Royal Collection Trust/© Her Majesty Queen Elizabeth II 2015
A Kermis on St George's Day
This is one of the most perfect of Teniers’s many Kermis scenes and is a conscious tribute to Pieter Bruegel the Elder’s treatments of the subject. Like Bruegel, Teniers creates episodes in which we can recognise the vices of Lechery (in the man molesting a woman to the right of centre), Wrath (two men are kept from each other in the background), drunkenness (in the figure sleeping it off to the lower right) and general boorishness (seen throughout). The mood is much more concerned, however, with characteristic behaviour (the two sealing a bargain to the left), careless folly and comical high spirits, especially in the principal couple dancing with such cheerful and inexpert abandon. The way in which the old man looks on to the left suggests the indulgent wisdom of the village elder.
It is tempting to conclude that this happy scene is a celebration of the Treaty of Munster of 1648 (the year before the painting was executed), which had brought to an end eighty years of war. In the same year as this work (1649) David Ryckaert III (1612-61) clearly alluded to the recent conflict in a pair of paintings called Peasants’ Sorrow and Peasants’ Joy (Kunsthistorisches Museum, Vienna), the former a scene of soldiers plundering and the latter a Kermis like this one. Another version of Teniers’s design (now lost) seems to have been painted for William II, Prince of Orange (1626-50), the stadtholder and Dutch commander-in-chief. A drawing recording the design (Hessisches Landesmuseum, Darmstadt) is inscribed with an instruction to execute a painting from it for ‘His Highness my Lord the Prince of Orange’. This is not the Prince of Orange’s painting, as was once believed; apart from anything else it includes a coat of arms with the double eagle of the Habsburgs - hardly appropriate for a Dutch soldier. The existence of the other version raises the interesting possibility that two versions of this design were created at the time of the truce, one for each of the two sides involved in the war. If so, then the painting perfectly sums up the rural customs and the Bruegelian artistic heritage, which were equally valued by both sides, at the same time as providing an image of harmony and reconciliation.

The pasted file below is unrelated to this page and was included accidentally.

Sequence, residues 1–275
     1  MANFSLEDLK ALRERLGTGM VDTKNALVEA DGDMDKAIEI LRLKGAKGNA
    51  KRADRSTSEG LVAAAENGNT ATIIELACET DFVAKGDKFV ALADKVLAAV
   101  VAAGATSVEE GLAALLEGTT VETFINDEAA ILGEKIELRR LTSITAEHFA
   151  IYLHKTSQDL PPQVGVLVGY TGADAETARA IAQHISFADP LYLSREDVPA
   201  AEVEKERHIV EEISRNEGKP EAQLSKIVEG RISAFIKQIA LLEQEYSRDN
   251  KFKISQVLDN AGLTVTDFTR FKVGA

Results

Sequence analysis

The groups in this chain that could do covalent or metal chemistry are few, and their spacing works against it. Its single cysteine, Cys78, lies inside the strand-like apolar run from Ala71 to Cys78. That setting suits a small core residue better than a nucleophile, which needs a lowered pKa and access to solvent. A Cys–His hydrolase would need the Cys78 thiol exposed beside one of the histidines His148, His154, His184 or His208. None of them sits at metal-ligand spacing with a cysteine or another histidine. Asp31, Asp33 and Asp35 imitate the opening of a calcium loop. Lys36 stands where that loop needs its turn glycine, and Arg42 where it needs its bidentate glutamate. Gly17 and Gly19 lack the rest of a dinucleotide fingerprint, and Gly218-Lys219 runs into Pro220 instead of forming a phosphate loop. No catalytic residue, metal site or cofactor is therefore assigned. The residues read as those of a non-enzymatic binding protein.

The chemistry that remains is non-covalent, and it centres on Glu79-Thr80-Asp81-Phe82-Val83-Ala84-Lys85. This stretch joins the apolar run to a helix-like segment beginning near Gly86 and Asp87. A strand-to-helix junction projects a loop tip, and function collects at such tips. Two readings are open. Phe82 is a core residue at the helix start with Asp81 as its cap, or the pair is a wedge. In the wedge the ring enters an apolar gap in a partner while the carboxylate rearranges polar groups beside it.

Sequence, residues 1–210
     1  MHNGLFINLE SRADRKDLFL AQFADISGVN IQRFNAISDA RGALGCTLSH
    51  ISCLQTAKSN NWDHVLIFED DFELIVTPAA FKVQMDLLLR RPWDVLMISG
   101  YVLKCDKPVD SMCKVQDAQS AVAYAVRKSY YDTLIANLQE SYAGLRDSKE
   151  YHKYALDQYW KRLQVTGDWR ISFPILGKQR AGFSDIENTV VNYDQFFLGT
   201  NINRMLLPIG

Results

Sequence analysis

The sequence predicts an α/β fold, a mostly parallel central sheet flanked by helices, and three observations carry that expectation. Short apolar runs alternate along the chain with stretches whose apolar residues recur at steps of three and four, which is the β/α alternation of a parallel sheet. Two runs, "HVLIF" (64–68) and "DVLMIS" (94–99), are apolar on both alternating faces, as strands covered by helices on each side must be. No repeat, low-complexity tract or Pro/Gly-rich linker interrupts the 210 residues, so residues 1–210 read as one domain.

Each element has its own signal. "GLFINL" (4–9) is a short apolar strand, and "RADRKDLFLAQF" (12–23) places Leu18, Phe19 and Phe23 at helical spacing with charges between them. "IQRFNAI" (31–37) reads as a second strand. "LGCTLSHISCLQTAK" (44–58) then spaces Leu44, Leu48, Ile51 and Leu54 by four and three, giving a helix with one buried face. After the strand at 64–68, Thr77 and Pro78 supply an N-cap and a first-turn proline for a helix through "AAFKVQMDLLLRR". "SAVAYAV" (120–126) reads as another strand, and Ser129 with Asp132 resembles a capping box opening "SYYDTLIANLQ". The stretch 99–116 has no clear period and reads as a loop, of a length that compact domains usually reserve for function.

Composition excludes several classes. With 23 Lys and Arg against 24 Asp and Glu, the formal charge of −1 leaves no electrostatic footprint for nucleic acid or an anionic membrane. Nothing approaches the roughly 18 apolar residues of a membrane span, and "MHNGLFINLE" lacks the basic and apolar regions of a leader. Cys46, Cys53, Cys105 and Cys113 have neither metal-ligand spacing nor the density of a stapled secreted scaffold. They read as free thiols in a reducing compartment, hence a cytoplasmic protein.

George IV was typical of his age in setting an especially high value of the works of David Teniers; this work was the most expensive Teniers in his collection, valued in his 1819 inventory at an astonishing 1500 guineas.
Signed and dated lower right: DAVID. TENIERS. F/ AN. 1649
Catalogue entry adapted from Bruegel to Rubens: Masters of Flemish Painting, London, 2007